I was wondering if I could use the word "fork out" in the following context, implying that a person doesn't wish to spend a lot of money.

If you don't feel like forking out, we could go to a cheaper joint.

Or is this word only used to emphasize reluctancy? Which word could you use to replace it, then, in order to communicate the above-said properly?


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    Splurge - to spend (money) lavishly or ostentatiously. Although idiomatic fork out usually implies reluctance, it doesn't have to. – FumbleFingers Jul 6 '16 at 12:35
  • I'm sorry but you never said if my sentence was correct or not. – Oleg M Jul 6 '16 at 12:44
  • This site (ELU) is for linguists, etymologists, and (serious) English language enthusiasts. Proofreading is Off Topic anyway, but if you're asking for help on basic vocabulary/grammar, you should be using English Language Learners. – FumbleFingers Jul 6 '16 at 12:57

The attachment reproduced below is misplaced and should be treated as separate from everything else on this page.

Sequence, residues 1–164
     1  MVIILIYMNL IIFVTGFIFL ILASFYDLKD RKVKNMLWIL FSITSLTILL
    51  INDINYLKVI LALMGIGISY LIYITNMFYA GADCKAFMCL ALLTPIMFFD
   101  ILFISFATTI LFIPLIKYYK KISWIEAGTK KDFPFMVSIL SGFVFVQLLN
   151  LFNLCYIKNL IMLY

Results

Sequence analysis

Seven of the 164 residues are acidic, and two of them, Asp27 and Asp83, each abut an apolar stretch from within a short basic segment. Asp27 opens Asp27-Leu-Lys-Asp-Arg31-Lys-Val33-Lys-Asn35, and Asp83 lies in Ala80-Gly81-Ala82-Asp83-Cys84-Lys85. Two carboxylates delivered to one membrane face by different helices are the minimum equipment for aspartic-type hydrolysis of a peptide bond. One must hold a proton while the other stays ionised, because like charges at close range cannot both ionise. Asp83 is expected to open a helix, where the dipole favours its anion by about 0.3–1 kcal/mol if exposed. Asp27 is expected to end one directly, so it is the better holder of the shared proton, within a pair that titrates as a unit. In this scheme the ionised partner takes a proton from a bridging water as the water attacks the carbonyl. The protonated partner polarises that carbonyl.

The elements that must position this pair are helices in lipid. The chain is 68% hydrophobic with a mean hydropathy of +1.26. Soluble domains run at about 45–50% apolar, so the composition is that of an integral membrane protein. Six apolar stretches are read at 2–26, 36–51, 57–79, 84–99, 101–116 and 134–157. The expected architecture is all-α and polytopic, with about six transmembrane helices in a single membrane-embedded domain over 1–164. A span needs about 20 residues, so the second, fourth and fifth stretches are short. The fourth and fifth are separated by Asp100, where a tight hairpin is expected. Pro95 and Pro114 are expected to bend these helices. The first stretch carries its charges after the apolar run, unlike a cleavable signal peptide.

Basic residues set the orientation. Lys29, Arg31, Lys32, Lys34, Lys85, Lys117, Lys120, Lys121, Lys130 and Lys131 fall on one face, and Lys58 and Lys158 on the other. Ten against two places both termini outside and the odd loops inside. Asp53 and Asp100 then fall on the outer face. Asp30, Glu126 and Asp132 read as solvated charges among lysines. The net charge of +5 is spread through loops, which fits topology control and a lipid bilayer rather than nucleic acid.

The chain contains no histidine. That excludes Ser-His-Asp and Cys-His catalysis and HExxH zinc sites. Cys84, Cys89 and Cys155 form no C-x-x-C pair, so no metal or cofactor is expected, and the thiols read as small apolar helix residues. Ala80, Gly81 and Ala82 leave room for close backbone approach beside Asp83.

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    My question concerns the usage of the word "fork out". I asked if I used it correctly. Some are too snobbish on this site. Thanks for nothing. – Oleg M Jul 6 '16 at 13:06
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    I didn't ask for proofreading. I only asked if the word I'd used was good for the context. Thanks, anyway. – Oleg M Jul 6 '16 at 13:20

To answer your question, in idiomatic English I maintain that if the sentence (or fragment of a sentence ) is successful in conveying the intended meaning, it is allowed. It may not be grammatically proper, but languages evolve.

I will not attest to the etymology of 'fork out', but it may refer to the act of 'forking out' manure on a farm. Both connote an undesirable task, but as mentioned above, 'fork out ' when purchasing is not necessarily negative or reluctant, but may be the result of colorful, local slang.

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